1. Nobody is immune to type IV CMI
2. But not everybody gets the rash under normal circumstances
3. Yet, almost everyone will get the rash if they get exposed to enough
It gets complicated to explain in a USENET post, but let's briefly take
these in turn - but this isn't the place for detailed discussions.
I. Nobody is immune.
Delayed contact dermititis is a type IV CMI (cell mediated immune
response), which nobody is immune to forever. Get exposed frequently
enough, and you WILL get it. It's the way your body works.
II. Not every gets the rash all the time
This is highly dependent on dosage! Remember the oil is NOT anywhere on
the outside of the plant! The oil is protectively ensconced INSIDE the
cells. Of course, chain sawing the plant in half tends to allow the oils
to leak out ... like this video I just took today of just that:
III. Give any human enough pure urushiol, and they ALL will get the rash!
(See #I and #II above.)
Anyway, while we're quoting figures, Wikipedia says the following on
"Approximately 80% to 90% of adults will get a rash if they are exposed
to 50 micrograms of purified urushiol. Some people are so sensitive, it
only takes a trace of urushiol (two micrograms or less than one ten-
millionth of an ounce) on the skin to initiate an allergic reaction
(Epstein et al., 1974)."
Now, if you're exposed to less urushiol, all bets are off - but - given
this picture below, I would safely say anyone exposed to this much
potential urushiol had better take some safety precautions (as I do). :)
On Tue, 08 Jan 2013 23:58:18 -0500, Wes Groleau wrote:
That is an interesting story - but I would caution anyone from actually
touching the stuff because of the classic YMMV difference in every
The funny thing about invisible toxins is that we really don't know
exactly where the stuff is, and where it isn't.
For example, look at my red sweatshirt & TIG welding gloves today:
Notice I had no idea exactly WHERE the urushiol was, on Sunday, when I
last wore them, but today, two days later, the oil on the gloves was
sufficiently oxidized black to see it and the shirt oils were oxidized in
the washing machine.
The point is - you never know if you've been truly exposed or not, as
it's a statistical thing. So, a LOT of people conclude they were exposed
and didn't get the rash - when - in reality - they just weren't exposed
(or not exposed to enough to make black marks all over their clothes).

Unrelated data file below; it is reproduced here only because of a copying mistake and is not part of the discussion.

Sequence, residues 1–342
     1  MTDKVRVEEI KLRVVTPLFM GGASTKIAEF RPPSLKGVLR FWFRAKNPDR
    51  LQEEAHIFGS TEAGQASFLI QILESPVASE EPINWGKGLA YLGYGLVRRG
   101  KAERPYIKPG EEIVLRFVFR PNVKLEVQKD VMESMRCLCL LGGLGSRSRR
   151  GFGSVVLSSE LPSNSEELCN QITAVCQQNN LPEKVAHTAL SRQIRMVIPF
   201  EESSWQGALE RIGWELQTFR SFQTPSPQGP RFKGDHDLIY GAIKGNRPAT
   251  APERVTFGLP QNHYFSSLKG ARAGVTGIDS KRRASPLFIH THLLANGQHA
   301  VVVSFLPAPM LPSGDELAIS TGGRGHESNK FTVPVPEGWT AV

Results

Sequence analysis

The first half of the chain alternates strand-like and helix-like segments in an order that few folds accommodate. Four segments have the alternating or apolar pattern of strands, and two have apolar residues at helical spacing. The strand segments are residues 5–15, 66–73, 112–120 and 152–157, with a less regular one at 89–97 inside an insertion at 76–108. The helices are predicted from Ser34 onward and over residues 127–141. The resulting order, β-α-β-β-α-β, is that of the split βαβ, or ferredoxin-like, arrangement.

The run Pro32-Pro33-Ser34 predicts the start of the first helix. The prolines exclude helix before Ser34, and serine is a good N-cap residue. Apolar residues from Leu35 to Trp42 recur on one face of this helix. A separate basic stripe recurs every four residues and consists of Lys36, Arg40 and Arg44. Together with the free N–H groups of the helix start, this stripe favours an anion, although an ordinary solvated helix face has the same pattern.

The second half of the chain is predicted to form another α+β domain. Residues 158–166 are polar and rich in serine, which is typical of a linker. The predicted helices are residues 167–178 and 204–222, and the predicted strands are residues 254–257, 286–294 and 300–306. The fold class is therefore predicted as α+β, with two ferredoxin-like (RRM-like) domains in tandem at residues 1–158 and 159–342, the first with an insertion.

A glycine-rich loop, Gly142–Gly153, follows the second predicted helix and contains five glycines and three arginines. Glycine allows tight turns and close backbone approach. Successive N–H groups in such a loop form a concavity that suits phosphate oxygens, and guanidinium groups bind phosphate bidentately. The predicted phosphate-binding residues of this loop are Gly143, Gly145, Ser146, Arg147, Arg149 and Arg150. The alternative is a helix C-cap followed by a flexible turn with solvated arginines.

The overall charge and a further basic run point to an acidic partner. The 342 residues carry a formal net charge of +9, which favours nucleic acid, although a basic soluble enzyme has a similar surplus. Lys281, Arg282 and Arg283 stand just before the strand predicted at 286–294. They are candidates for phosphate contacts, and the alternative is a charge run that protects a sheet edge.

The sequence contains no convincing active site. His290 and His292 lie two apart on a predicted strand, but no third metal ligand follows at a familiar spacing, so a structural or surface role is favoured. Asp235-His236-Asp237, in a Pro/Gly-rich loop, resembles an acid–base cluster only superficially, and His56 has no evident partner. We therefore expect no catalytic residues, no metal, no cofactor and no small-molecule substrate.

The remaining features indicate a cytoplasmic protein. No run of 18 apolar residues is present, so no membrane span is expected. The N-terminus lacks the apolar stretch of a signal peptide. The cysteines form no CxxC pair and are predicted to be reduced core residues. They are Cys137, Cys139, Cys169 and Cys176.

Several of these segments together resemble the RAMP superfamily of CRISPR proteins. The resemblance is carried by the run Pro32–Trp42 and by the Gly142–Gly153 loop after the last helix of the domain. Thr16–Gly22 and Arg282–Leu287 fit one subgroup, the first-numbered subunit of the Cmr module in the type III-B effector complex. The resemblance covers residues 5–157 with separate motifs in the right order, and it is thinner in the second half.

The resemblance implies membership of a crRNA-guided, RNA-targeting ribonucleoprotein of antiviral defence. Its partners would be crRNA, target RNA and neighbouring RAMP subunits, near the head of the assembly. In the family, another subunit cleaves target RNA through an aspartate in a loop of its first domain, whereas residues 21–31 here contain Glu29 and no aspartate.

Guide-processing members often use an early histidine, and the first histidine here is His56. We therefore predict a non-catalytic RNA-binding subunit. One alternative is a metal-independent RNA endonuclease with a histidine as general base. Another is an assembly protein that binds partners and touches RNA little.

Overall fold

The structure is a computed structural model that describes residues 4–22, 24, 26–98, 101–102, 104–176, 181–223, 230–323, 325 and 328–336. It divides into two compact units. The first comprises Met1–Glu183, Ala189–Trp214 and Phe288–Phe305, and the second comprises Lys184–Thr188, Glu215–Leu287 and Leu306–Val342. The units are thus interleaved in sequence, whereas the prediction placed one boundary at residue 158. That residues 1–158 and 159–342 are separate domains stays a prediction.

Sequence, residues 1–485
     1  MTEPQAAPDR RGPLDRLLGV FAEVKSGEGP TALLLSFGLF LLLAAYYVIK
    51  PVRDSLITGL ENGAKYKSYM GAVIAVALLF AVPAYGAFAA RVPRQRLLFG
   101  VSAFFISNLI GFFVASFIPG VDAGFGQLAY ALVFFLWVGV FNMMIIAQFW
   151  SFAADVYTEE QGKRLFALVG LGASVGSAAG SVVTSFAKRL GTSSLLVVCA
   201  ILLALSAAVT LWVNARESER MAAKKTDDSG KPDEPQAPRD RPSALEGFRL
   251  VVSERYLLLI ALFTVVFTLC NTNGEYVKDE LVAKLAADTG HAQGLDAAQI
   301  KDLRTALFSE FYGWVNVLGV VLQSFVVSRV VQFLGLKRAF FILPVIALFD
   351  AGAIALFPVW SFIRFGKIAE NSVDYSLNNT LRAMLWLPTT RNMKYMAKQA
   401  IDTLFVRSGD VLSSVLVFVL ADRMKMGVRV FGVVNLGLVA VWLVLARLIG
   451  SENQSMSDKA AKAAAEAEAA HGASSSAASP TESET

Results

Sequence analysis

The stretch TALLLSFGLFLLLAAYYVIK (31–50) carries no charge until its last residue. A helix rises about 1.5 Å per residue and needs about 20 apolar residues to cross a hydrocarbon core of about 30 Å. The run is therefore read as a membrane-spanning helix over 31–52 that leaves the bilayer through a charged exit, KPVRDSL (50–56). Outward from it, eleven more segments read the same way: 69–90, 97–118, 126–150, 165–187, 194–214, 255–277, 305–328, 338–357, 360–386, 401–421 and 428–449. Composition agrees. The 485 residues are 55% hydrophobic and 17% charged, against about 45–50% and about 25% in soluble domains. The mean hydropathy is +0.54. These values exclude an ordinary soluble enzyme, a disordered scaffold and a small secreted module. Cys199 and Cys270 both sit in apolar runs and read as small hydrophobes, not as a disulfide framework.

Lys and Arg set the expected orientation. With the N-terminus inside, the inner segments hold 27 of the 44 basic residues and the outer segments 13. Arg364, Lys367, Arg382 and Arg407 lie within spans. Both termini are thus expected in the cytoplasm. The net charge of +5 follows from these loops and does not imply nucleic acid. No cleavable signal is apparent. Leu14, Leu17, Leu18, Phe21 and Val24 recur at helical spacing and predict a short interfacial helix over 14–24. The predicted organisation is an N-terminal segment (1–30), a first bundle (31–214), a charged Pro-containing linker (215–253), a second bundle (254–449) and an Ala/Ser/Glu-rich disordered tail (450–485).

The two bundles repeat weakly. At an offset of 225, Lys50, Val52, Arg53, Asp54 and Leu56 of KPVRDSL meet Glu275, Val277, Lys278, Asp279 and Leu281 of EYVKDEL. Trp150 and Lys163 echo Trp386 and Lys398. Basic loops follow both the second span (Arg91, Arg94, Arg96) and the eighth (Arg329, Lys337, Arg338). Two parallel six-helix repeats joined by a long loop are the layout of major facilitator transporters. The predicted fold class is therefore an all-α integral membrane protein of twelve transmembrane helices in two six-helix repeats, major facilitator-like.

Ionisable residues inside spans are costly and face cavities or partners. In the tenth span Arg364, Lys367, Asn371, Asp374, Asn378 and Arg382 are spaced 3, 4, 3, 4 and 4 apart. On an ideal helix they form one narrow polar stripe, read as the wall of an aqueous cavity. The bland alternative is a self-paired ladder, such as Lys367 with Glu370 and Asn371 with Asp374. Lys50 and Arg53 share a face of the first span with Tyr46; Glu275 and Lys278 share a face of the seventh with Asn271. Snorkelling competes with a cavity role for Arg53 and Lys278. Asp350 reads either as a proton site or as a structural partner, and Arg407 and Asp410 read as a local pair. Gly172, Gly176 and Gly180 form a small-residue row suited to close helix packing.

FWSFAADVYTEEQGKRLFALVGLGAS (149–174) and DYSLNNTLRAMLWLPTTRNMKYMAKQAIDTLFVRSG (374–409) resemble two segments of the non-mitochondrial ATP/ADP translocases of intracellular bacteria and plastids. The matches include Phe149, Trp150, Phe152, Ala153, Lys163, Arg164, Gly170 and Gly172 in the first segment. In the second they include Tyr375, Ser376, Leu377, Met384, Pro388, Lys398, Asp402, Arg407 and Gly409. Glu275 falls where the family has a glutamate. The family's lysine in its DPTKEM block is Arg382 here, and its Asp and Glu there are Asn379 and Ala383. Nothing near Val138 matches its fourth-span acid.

When I was in graduate school, I worked part time in a lab, and you'd be
amazed at the strangest places we found P32 with the geiger counter. You
can't see it - and when you find out where it got - you sit there and
ponder how the hell did it get there.
Now, maybe the goats milk matters - because the immune system DOES work
the way you said it does (i.e., when exposed at the right time in the
immune system development, the immune system learns what is body and what
is foreign) - so I am NOT saying you're wrong ... I'm just cautioning
anyone from actually touching the stuff with bare hands on purpose!
Urushiol is no different. You didn't get it from "the air". You touched
something that had a pinprick drop of oil on it. What you touched could
have been 'anything' (remember, the oil is known to remain infectious for
100 years ... in a laboratory drawer anyway).
The other thing to remember is that the oil is NOT on the outside of the
plant. Not outside the leaves, stem, berries, or root. But it's inside
all of them, so, you (and I) can pick it up (gingerly) and nothing bad
But, when you do this ... now you've gotten that damn plant mad! :)
TRUE--but many accidental exposures had appeared to confirm the goat's
milk hypothesis. So, being young and foolish, I assumed I was immune
and abandoned precautions. And got away with it.
When it was my son's turn to be young and foolish, he formed the
hypothesis that he could immunize himself by limited contact.
If you know where to look, you can still make out the scars.
> The other thing to remember is that the oil is NOT on the outside
> of the plant. Not outside the leaves, stem, berries, or root. But
> it's inside all of them, so, you (and I) can pick it up (gingerly)
> and nothing bad will happen.
Ah, I would question that as well. Before my resistance developed, the
slightest contact had severe effects.
By the way, some of that resistance has gone away over time.